The scene is set before… no, after… or, perhaps… no-one really knows. In the kaleidoscopic world of Bioshock Infinite, the when doesn’t quite matter so much as the where.
As the enigmatic Lutece twins propose:
“It’s a matter of perspective”.
WARNING: SPOILERS AHEAD
Half a year on from Bioshock Infinite‘s primary exploits, the release of Burial At Sea had us taking the plunge back into the decrepit cesspit that is Rapture; the only city to exist leagues beneath the sea. Not only was this the setting of Bioshock’s first two installments, but also the DARK AND dank environment in which Elizabeth and Booker DeWitts’ roles in the series would come to emphatic ends.
Despite seemingly and definitively bringing Booker’s existence to a sharp halt in the final moments of Bioshock Infinite, Burial At Sea takes advantage of the ‘infinite timelines’ narrative; brought to light by Elizabeth shortly before the main game’s conclusion. A clever move by the developers, which allows for a seamless transition into a world in which another version of Booker is still very much alive and… not so well.
— Lauren Hall (@lauriebethall) March 26, 2017
An art-deco-esque Elizabeth approaches Booker for his investigative services, with the ambition of locating ‘Sally’; a young girl formerly under Booker’s care who has since gone missing.
From here, we finally step through the taunting door to Booker’s office and into a version of Rapture that is new even to those who have conquered the series’ previous two segments. The surroundings are familiar and yet, oddly polished. The desolate city of which we nostalgically reminisce is nowhere to be found, as we instead continue through our neoclassical surroundings in the hope of locating the missing girl.
Though, this is Bioshock after all – so things must quickly take a turn for the worse.
Elizabeth and Booker find themselves stranded in a sunken department store located on the sea bed. From here they must fight through splicers and darkness alike, in a setting which greatly juxtaposes the varnished sky-set city of Infinite’s ‘Columbia’.
It is from here that the real game gets underway.
Part One dishes up a healthy helping of the Bioshock fans already know and love: blasting through enemies with bullets and plasmids whilst actively conserving fleetingly sourced ammunition – a true delight to be savoured upon the gaming palette. The smooth combination and execution of these features distinctly reveal just how far the game has grown since it first established its roots.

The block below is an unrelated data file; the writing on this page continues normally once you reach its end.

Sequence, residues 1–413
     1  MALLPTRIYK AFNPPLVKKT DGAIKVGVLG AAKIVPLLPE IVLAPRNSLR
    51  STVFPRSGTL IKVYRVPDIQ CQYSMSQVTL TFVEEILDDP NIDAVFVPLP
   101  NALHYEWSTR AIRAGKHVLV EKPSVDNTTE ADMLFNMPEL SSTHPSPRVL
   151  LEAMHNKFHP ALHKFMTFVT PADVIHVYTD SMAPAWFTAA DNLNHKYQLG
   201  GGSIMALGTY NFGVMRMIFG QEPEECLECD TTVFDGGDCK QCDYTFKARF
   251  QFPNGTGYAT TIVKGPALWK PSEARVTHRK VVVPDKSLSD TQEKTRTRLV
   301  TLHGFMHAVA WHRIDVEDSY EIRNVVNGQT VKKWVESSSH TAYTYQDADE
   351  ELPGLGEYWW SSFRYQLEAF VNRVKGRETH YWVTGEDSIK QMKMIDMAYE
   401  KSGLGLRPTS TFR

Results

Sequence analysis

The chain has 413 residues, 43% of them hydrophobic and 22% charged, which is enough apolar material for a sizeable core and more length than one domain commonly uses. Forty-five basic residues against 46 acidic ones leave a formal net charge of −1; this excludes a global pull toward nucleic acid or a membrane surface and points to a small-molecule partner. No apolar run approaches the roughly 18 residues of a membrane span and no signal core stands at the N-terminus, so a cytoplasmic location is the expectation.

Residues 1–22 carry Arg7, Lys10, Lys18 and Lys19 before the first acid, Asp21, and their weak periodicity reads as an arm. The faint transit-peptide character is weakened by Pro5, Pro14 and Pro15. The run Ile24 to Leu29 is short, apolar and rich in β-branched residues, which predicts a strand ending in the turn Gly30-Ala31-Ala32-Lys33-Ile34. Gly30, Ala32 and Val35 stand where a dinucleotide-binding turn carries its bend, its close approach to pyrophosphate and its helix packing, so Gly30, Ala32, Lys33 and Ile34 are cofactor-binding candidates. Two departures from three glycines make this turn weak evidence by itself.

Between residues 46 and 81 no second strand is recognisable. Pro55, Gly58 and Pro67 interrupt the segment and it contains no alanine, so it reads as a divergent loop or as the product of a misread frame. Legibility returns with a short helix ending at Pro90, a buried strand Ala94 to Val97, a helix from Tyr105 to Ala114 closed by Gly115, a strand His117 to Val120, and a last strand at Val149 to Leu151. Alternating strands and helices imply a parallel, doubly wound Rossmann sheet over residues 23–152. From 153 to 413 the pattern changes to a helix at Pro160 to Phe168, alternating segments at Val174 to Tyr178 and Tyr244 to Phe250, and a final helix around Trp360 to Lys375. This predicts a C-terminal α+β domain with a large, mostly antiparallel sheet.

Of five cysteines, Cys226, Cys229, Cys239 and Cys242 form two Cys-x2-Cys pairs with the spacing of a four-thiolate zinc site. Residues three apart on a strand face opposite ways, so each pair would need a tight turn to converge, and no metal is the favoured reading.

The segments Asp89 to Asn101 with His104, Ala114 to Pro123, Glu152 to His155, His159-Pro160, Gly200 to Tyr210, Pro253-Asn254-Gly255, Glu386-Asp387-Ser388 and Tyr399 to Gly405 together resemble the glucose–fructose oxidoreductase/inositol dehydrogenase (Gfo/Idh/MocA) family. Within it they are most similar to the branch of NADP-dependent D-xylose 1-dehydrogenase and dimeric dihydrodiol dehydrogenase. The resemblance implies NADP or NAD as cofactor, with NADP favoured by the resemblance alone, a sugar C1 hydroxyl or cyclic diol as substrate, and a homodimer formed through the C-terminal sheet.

Where once the player had to select either their weapon or ability of choice, Infinite’s offensive duality brings a slicker feel to surroundings once approached from a position firmly established on the side of caution. Initially however, the integration of this style divided opinion among the Bioshock fan-base.
Where some believed the new system buffed the original games’ jagged edges, others argued that the option of a tactile approach had been thrown out of the window. In response, 2K and Irrational Games launched Part Two, in which a lack of tactility became a thing of the past and the mechanics get truly interesting.
In the add-on’s final half, the player takes control of Elizabeth, only without the advantage of her ‘tears’. Bullets are far less effective, with the advantage of surprise heavily ‘nerfed’ instead. Incognito one-hit ‘kills’ are far more greatly emphasized than in the main game and, without a shield, player death is swifter upon detection.
For these reasons, a stealthier and far less direct approach must be adopted; a style that might be somewhat foreign to experienced players.
The move serves as a brave yet innovative step from the developers, spearheaded by the genius of their interpretation of an idyllic ‘La Vie En Rose’ Paris and its descent into ruin; a conduit for the foreshadowing of Elizabeth’s paralleled fate and downward spiral in fortune:
The sheer uniqueness of the DLC, in its two varying characters and playing styles, make it an installment well worth investing your time in. So often we fork out for additional content that is nothing more than the supplementation of an unfinished story, rather than something that furthers a completed one. Burial At Sea irons out the origins of Bioshock before neatly aligning all three of its narratives with a sharp, final twist.
So few games age well, with the likes of Half-Life and Pokemon acting as prime examples of games that retain their ‘replayability’ factor years after release. Its about time that the Bioshock series and its DLC are recognised as having this potential also. Whether it be another five years, or maybe even ten or fifteen in the future, Bioshock can and should permanently remain close-at-hand for anyone who thinks themselves a true gamer.
Now, if your haven’t already, ‘Would you kindly’ go ahead and experience the phenomena that is Burial At Sea for yourself.